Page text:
Judge Dismisses Slaughter Suit

On March 14, a federal judge ruled in favor of the USDA to allow fee-for-service inspections at horsemeat processing plants despite efforts of the Humane Society of the United States (HSUS) and other animal rights groups to prevent the inspections and close the plants.

The USDA implemented the fee-for-service inspections on March 10 after the 2006 Agriculture Appropriations bill eliminated funding for the inspections through October 2006. (For more information see www.TheHorse.com/emag.aspx?ID=6687.) The HSUS filed suit against the USDA in February claiming the inspections were in violation of the congressional intent of the agricultural spending bill.

U.S. District Court Judge Colleen Kollar-Kotelly dismissed most of the suit with the exception of allegations from neighboring residents of the three plants suffer negative environmental consequences from the plants' operation. Any action resulting from these allegations will be decided at a later date. Kollar-Kotelly also rejected HSUS' request for a temporary injunction to halt slaughter until a decision was made on the pending suit.

A joint statement from groups involved in the suit said, "We will continue our efforts to enforce the clear legislative mandate to stop horse slaughter for the 2006 fiscal year, either by proceeding on the merits of the case or by seeking an appeal."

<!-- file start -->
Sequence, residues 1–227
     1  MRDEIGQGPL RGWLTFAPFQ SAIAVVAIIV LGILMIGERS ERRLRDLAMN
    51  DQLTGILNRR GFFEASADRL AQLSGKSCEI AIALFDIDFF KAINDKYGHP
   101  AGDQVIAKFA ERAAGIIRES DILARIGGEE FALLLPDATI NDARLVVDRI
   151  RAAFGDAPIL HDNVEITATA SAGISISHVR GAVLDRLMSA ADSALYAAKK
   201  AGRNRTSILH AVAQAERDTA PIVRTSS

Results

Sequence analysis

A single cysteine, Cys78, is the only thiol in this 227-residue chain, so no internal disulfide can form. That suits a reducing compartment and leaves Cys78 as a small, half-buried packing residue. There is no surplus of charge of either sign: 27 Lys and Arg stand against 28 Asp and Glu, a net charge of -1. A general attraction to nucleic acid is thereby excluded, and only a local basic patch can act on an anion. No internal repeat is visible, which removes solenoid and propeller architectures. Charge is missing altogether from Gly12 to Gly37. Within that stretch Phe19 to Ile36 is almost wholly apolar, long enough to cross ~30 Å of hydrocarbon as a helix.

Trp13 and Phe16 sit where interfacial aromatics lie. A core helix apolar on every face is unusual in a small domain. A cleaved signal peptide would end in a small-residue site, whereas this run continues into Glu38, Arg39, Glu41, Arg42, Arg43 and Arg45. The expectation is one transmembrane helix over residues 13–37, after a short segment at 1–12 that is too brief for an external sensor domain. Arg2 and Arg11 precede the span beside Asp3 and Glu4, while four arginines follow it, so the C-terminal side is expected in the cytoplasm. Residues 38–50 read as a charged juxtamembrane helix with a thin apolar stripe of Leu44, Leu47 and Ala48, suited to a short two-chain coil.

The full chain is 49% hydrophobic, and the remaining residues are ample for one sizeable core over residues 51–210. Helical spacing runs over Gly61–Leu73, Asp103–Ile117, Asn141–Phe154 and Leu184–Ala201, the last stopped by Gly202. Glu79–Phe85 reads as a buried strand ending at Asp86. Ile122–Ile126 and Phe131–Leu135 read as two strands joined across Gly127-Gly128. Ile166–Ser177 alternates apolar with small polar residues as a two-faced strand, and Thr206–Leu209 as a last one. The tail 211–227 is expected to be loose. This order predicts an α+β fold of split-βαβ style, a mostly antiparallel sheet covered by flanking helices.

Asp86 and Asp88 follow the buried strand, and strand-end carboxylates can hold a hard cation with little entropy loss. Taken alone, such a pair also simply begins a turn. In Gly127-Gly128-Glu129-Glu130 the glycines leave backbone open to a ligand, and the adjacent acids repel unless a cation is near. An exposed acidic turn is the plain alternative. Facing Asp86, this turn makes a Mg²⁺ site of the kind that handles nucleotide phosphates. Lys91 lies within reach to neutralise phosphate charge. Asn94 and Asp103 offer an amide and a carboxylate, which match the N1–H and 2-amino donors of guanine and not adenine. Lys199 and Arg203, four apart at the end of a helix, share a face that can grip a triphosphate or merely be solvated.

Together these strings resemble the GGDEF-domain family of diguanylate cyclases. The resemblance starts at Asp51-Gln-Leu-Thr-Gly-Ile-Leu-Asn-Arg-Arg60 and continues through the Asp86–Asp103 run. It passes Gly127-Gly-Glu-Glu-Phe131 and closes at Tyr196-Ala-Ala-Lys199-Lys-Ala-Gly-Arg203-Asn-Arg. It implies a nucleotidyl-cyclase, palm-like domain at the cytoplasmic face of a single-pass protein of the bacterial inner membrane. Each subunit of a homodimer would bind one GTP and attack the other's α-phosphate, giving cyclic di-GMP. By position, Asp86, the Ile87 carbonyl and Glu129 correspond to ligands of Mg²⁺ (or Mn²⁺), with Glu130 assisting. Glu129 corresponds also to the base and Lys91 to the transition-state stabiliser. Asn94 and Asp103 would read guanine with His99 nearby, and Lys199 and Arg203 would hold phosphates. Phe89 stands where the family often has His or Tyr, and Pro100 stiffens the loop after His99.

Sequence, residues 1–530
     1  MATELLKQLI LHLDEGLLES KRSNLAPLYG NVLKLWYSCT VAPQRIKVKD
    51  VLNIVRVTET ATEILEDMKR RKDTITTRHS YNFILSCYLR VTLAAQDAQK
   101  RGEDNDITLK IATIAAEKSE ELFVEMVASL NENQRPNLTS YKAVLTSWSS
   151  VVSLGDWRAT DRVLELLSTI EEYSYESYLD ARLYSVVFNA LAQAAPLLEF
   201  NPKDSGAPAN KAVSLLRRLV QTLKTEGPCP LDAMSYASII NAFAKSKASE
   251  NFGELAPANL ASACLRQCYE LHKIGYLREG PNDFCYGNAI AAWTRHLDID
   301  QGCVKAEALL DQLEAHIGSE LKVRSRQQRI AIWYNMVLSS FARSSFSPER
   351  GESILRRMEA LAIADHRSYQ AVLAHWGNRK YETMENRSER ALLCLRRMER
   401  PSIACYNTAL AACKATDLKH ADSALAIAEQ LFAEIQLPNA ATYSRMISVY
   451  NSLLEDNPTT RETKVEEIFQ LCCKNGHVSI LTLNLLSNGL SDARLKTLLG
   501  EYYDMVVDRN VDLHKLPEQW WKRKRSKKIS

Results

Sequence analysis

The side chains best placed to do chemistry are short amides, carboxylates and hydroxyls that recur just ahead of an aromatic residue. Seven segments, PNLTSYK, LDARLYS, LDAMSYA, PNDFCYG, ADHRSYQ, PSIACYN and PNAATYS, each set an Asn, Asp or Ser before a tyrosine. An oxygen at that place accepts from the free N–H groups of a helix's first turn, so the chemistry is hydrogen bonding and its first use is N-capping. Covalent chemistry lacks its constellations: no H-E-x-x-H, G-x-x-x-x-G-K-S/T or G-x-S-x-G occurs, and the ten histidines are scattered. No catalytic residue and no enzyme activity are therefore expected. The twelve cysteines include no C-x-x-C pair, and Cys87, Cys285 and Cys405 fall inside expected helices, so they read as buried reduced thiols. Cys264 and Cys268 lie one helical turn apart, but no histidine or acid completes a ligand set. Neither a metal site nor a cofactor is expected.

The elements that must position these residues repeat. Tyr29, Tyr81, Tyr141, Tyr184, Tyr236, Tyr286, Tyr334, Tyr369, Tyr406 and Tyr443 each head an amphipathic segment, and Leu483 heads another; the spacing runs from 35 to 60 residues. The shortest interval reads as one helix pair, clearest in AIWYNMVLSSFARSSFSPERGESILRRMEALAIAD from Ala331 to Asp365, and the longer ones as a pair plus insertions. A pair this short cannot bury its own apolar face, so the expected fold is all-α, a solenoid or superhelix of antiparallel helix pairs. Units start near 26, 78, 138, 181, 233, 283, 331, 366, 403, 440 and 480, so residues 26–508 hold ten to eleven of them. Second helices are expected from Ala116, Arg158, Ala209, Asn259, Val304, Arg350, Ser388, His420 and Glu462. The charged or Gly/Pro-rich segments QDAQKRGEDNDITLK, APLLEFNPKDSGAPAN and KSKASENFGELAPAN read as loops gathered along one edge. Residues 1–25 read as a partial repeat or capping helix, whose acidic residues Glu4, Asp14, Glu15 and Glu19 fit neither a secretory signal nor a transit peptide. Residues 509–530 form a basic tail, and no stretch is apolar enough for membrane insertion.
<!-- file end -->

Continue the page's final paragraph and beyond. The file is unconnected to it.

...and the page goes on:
Charles Stenholm, a former Texas representative now representing the plants, said, "Halting operations at the U.S. processing plants takes away U.S. jobs, reduces U.S. exports, and most importantly eliminates a valuable end-of-life option for owners. We know that few people like to think of animal processing plants, but it's an option that needs to exist for owners whose horses have outlived their utility."

About the Author

Chad Mendell

Chad Mendell is the former Managing Editor for TheHorse.com .

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